“The parliamentarians have tried to force the church on the issue,” says the archbishop

Archbishop Justin Welby

Archbishop Justin Welby speaking in Ghana, following recent changes in the Church of England’s position on same-sex marriage

The archbishop of Canterbury, mgr. Justin Welby, spoke of being “threatened with parliamentary action” in an attempt to “force same-sex marriage” in the Church of England.

He was speaking at the Global Anglican Consultative Council meeting in Ghana.

It comes after reforms within the church allowing the blessing of same-sex couples in civil unions.

The change came after a motion was approved this month by the General Synod, the church’s legislative body.

His stance on gay marriage won’t change, and same-sex couples still won’t be able to marry in church.

The Telegraph reports that Welby met with MPs in the House of Commons last month and rejected further changes to his status on same-sex marriage.

Speaking ahead of the changes, broadcaster Sandi Toksvig said a January meeting with the archbishop last month was “very disappointing”.

Ms Toksvig is a high-profile activist on LGBT+ issues and, although she is not a member of the church, she told the BBC she spoke up because she felt the impact of the message sent by the bishops was having an impact far beyond the Church .

The changes in the church have been unpalatable to some conservatives, but they also fall far short of what many progressives had desired.

In Sunday’s presidential address, Welby said “many” members of the General Synod had “rejected” his concerns about recent reforms.

He told attendees at the meeting, held in the Ghanaian capital Accra, that “rules on sexuality in the Church of England” were being questioned as a “result” of growing atheism in the UK.

The archbishop said that in the northern hemisphere the Christian values ​​of “community and mutual responsibility” have been “almost eliminated” in favor of “individualism”.

Analysis box by Harry Farley, Religious Affairs reporter

Analysis box by Harry Farley, Religious Affairs reporter

Justin Welby’s comments in Ghana illustrate the range of opinions he is trying to hold together.

He was addressing an audience of Anglicans from around the world, including some from countries with laws criminalizing homosexuality.

The Ghanaian parliament is currently debating a new anti-LGBT bill. For many at the Accra meeting, the Church of England’s decision last week to allow prayers of blessing for same-sex couples contradicts how they interpret the Bible.

However, for many in the West, the Church of England’s refusal to allow church weddings for gay couples is repressive and out of step with the majority of society.

The Archbishop of Canterbury is trying to keep these two positions together.

As to whether it is indeed “threatened by parliamentary action,” it is true that MPs have debated possible steps to pressure the Church to allow same-sex marriages.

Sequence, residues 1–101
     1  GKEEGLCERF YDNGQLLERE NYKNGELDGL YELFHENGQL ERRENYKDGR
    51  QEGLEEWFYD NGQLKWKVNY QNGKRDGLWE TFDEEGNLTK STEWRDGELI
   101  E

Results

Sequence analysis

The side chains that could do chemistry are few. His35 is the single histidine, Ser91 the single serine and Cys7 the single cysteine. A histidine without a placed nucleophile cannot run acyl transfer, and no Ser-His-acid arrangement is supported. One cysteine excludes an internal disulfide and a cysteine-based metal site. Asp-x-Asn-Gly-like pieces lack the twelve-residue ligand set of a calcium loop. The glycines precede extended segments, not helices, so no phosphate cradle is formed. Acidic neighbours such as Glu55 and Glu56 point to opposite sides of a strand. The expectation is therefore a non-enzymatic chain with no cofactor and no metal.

But there is as yet no indication that the government would support such a move, and the resulting conflict it would bring with the Church of England.

Danger of “nobody”

He told those present that there was a “danger” posed by a growing number of atheists, whom he calls “nobody”.

“I don’t mean nuns,” she said. “I mean those who when asked about their faith, say, ‘None. I have no faith,'” he said.

“The result is clear. Over the past few weeks, as part of our discussions on sexuality and the rules of sexuality in the Church of England, I have spoken of our interdependence with all Christians, not just Anglicans, particularly those in the global south with other majorities of faith.

“As a result I was twice summoned to parliament and threatened with parliamentary action to force us into same-sex marriage, called equal marriage in England.

“When I speak about the impact that the Church of England’s actions will have on those abroad in the Anglican communion, these concerns are dismissed by many, not all, but many in the General Synod.”

A new morality

The archbishop also appeared critical of the movements towards greater bodily autonomy and assisted suicide, stating that “we have replaced morality and the Christian faith with personal control over our bodies”.

“We are in a completely different culture in the more financially affluent world than where we were 30 years ago.”

He stated that “birth with genetically engineered babies is not far off”.

“And death is something that so many believe we have the right to choose however and when we want.”

The Archbishop of Canterbury is a senior member of the House of Lords and has led debates in the House.

In the speech, Welby referred to former Archbishop of Canterbury George Carey’s campaign on assisted suicide in Westminster.

He said his predecessor had “strongly spoken out for assisted suicide in the Houses of Parliament – in the House of Lords”.

He also spoke of an emerging morality designed for “the rich, the powerful and the intellectually well educated”.

“It is a morality that does not believe in human sinfulness and failure.

“He doesn’t believe in forgiveness, he doesn’t believe in hope.

“This is where the Church struggles.”

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